The West’s contribution, as I noted, is easy to find in English-language sites on the Internet. Critiques of the book by Tarnas I recommended above, fiercely fault him for not paying any attention to the passions of the Eastern Mind.
What is going on in India and China, to name the two great sources of Asian civilization? Would I even know about it if there were people contributing to this cultural phenomenon? Yes, I think I most definitely would know. It is not difficult to find Westerners whose access to information about Asia is much greater than mine, and I would expect Ken Wilber or Charles Eisenstein to inform me of developments there.
What I can find out about China is, I know, somewhat controlled information. I accept that that huge nation and population is under a regime of government fairly labelled “totalitarian.” The Communist Party exerts much energy, to powerful effect, to control the intellectual and cultural life of the Chinese, as well as its indisputable direction of the politics and economics of the nation. If the Party is opposed to “quantum-leap” philosophy, as it was opposed to the Falun Gong religious phenomenon decades ago, or the student democracy movement of 1989, then for certain the Party would attack, suppress, prevail –and such cultural expressions would not be allowed.
I know nothing of such an attempt by the Communist Party to suppress that culture; I conclude there simply is no such “ascending-consciousness” cultural movement. It would be major news if this were happening, as we know the news of abuse by the Party of Tibetan and Xinjiang (Uighur) regional cultures and the peoples who live there.
Absent such a movement in China, one is justified to ask why California seems to dominate conversation. I suspect California simply has the wealth and leisure to support the movement, and so it flourishes, regardless of the merits of its teachings… as Hollywood has in some ways dominated global culture with blockbuster films like Avatar. America was clearly hegemonic in the 1990s in geopolitical reach and unchallengeable military-industrial potential.
India, so much transformed into a quasi-Western nation by two centuries of British imperialism and colonialism, has been more assimilated to the West. English is widely spoken; Bollywood is a force even in the West. A very popular film, Slumdog Millionaire, has introduced the West to how much Indians are striving to copy Western norms and practices in their notion of freedom. At the same time, we in the West have much exposure to Indian yogis and gurus, Indian religion and philosophy and food and music. India is not offering an antithesis to the Western fascination with the ascension in human consciousness-evolution. I expect no dialectical process to merge California with India into a higher stage of consciousness. I wish, indeed, that such a merger would come to pass.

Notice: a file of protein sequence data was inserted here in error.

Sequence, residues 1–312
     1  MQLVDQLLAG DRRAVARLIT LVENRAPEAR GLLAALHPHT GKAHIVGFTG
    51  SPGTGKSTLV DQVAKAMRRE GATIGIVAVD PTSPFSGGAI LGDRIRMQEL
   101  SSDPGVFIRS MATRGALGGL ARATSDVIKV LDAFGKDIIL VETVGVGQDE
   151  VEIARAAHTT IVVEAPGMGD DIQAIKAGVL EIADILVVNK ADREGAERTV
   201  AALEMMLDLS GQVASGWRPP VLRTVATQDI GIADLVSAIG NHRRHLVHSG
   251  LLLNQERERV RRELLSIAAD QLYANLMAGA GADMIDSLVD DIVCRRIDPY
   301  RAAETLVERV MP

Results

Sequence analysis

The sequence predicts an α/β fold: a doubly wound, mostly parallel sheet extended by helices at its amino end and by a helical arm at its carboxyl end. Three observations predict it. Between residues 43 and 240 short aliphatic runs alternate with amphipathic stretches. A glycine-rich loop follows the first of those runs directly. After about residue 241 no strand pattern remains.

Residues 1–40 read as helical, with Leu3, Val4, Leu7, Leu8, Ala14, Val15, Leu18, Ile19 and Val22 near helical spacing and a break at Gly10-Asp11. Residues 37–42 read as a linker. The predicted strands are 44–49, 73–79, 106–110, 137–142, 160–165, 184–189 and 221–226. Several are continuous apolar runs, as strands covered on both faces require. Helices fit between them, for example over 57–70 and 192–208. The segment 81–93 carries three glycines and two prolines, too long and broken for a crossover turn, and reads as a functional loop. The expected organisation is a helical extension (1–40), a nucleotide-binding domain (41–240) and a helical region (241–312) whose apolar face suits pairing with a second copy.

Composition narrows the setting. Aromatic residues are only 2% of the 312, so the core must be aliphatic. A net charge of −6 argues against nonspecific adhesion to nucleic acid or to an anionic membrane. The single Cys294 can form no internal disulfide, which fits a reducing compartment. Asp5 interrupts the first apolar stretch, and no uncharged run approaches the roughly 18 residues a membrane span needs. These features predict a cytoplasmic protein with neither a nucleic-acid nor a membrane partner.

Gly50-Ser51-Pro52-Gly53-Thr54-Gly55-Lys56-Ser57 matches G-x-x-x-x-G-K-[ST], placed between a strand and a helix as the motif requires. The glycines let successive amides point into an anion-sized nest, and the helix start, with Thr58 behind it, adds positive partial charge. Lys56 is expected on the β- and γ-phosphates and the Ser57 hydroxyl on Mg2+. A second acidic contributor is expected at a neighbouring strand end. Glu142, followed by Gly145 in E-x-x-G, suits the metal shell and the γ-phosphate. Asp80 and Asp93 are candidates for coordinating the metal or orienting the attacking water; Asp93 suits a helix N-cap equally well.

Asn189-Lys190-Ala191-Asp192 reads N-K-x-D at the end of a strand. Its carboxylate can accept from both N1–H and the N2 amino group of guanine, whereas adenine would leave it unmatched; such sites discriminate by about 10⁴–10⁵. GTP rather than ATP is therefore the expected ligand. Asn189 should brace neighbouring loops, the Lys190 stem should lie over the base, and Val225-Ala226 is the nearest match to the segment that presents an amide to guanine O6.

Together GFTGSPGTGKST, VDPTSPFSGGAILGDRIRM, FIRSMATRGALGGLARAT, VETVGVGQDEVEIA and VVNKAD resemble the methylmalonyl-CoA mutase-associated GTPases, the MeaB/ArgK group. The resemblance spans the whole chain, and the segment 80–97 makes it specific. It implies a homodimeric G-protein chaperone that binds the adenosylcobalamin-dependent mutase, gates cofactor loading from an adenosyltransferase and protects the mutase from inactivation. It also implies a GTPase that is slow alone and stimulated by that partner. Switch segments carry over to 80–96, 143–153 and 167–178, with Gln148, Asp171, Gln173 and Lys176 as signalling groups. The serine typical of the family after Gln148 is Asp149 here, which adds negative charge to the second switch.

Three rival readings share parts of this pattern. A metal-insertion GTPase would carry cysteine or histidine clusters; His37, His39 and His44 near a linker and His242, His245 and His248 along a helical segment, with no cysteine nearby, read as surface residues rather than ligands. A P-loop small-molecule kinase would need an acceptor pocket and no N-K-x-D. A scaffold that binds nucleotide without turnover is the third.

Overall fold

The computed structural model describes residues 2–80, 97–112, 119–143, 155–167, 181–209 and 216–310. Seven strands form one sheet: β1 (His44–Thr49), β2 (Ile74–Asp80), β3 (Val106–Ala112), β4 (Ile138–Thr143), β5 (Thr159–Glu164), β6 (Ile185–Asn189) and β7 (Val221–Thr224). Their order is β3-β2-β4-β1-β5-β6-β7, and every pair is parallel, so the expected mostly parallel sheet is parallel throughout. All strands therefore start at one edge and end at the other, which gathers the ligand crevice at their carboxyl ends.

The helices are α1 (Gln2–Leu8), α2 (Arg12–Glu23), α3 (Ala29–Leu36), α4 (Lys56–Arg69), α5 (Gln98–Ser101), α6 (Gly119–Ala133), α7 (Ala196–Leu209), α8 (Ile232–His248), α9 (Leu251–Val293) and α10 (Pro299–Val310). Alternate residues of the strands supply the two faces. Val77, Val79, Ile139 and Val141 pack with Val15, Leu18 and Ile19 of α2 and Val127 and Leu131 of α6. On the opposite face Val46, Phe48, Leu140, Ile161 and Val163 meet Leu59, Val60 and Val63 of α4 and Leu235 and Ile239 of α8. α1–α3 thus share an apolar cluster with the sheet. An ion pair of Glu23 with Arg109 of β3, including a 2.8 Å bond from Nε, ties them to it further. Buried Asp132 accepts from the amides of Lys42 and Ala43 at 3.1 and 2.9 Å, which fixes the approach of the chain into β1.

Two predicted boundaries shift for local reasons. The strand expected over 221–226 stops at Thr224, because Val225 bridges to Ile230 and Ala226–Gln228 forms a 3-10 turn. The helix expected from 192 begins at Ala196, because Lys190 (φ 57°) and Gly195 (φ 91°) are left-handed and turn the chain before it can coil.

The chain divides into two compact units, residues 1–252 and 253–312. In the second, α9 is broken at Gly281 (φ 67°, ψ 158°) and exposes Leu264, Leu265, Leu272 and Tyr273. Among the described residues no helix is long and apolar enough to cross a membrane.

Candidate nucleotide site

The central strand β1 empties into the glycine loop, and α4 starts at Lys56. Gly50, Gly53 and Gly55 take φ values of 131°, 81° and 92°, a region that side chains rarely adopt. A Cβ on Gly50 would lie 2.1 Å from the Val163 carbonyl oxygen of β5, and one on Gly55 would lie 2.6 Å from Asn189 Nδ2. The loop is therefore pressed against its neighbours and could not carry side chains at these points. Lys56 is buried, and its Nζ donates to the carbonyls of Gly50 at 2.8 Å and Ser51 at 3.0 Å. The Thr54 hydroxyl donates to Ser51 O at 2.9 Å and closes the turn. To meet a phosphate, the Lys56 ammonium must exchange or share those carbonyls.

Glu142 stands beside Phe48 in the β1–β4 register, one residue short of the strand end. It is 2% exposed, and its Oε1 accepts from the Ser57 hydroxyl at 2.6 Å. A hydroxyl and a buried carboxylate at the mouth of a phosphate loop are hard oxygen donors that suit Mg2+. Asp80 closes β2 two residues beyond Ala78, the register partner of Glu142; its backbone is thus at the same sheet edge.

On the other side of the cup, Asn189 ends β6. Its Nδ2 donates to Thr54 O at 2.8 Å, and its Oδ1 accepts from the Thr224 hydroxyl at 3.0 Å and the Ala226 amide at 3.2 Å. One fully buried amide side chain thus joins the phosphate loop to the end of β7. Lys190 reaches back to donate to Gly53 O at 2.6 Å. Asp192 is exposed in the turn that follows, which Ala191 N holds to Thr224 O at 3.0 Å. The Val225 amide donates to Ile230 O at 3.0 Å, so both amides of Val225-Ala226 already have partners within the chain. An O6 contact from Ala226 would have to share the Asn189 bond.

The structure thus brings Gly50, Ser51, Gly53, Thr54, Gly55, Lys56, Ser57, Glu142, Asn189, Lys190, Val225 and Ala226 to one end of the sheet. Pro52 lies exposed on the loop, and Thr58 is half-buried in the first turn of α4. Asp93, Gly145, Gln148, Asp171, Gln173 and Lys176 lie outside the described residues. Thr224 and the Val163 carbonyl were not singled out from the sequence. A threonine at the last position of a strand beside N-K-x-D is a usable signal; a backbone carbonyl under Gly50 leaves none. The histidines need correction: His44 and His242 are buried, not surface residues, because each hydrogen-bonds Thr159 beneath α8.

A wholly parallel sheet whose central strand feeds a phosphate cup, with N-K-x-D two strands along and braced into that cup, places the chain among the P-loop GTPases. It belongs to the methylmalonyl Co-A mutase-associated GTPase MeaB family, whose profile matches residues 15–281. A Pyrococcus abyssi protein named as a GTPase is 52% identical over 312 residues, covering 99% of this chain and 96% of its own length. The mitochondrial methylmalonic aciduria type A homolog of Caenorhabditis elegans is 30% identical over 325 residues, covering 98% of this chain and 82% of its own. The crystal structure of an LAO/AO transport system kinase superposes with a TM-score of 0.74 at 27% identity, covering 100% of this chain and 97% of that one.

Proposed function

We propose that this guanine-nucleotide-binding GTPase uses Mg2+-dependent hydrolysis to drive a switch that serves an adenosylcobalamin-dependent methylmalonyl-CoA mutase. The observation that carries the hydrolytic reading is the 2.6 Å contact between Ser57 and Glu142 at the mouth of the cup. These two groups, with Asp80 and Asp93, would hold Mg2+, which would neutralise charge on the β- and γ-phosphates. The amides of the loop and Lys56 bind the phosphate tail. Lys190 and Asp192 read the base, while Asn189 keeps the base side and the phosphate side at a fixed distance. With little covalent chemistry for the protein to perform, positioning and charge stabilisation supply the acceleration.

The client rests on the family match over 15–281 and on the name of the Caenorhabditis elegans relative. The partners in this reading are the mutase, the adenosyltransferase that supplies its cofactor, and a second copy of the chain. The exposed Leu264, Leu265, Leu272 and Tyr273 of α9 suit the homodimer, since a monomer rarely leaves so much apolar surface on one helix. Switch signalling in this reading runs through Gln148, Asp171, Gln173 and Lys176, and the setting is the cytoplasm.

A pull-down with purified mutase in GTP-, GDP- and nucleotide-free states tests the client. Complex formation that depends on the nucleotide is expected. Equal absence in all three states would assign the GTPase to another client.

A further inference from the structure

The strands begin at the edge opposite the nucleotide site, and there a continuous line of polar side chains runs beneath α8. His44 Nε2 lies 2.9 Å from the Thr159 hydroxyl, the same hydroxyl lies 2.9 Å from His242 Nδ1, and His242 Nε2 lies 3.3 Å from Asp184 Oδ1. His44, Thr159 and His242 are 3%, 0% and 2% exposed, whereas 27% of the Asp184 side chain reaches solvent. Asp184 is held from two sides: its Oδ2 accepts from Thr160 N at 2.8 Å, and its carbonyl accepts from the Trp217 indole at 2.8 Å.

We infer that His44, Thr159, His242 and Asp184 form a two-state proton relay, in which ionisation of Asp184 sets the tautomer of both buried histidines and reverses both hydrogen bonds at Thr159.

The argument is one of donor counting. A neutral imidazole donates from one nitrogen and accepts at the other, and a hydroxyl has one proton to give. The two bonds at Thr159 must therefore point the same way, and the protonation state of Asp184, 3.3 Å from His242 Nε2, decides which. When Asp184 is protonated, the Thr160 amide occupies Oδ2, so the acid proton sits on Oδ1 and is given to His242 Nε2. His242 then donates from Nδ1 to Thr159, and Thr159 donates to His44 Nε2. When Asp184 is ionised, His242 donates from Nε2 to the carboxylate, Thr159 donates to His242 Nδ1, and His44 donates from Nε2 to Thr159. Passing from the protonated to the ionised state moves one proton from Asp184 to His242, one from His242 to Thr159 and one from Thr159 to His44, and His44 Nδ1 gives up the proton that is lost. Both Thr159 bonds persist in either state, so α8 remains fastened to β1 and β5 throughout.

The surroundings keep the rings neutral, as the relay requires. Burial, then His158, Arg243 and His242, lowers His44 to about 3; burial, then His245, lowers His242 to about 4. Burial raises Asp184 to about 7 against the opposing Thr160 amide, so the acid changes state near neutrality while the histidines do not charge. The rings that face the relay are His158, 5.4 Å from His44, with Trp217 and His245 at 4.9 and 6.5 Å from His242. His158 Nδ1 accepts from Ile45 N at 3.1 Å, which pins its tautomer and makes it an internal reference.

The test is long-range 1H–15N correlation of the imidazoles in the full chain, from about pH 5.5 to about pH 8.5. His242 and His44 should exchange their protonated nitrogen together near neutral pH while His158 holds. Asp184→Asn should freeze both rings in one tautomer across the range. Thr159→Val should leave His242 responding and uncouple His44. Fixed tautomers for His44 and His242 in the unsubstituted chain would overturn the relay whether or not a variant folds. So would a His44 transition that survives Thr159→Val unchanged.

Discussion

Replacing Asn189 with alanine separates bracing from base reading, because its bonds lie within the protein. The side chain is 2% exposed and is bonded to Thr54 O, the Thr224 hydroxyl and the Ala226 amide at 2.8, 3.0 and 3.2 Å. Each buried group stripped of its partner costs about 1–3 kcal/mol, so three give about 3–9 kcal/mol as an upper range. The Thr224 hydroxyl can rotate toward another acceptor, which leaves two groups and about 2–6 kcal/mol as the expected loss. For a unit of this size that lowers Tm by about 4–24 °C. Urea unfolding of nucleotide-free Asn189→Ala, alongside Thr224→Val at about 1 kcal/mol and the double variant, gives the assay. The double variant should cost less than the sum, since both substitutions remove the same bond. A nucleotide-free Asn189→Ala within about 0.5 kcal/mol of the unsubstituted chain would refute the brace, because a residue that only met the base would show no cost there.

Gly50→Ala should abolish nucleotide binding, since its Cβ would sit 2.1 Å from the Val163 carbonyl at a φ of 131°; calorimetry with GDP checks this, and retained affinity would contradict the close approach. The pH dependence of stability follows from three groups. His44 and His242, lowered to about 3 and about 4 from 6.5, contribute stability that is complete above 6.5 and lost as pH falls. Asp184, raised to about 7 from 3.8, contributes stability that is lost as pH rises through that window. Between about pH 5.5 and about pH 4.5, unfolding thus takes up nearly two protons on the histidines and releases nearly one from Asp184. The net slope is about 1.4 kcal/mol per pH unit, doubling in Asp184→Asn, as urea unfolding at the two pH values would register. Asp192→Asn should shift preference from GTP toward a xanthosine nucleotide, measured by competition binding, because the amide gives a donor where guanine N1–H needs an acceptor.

Conclusion: no east-west synthesis = no ascending human consciousness
My conclusion to this tangential inquiry is simple: if the entire global cultural community is not participating in Californians’ faith in humanity-spiritually-ascendant, the faith is feeble and its dogma of no validity. That is how I see it; either all humanity across all cultures shares it, or no ascent can happen.
Charles Taylor will guide you through a complex history of the West’s philosophy of what human being “ought to be”. He says we ponder two major mysteries in the Western tradition: What is good to be? What is right to do?
His book I referenced earlier is his attempt to show how the modern sense of being a Self has evolved in our tradition. He ignores African, Eastern and west-Indigene (natives of earth’s western hemisphere) habits and modes of thought.
As for my conclusion that a synthesis of planetary mind – the noetic mind/ the noosphere, in the phraseology of William Irwin Thompson – must be in process of evolution before we can celebrate an ‘ascension’ of human mind: Taylor does not pose the question because he investigates only the West. And, for Taylor, the notion of “ascent” is foreign. He recognizes differences, not elevations.
[for Thompson, read this: http://en.copian.ca/library/research/ltonword/part4/thompson/thompson.pdf]
Sorry, but no. In the period of recorded human history, the evidence of an ascended consciousness, as opposed to merely different kinds, is non-existent. In my opinion.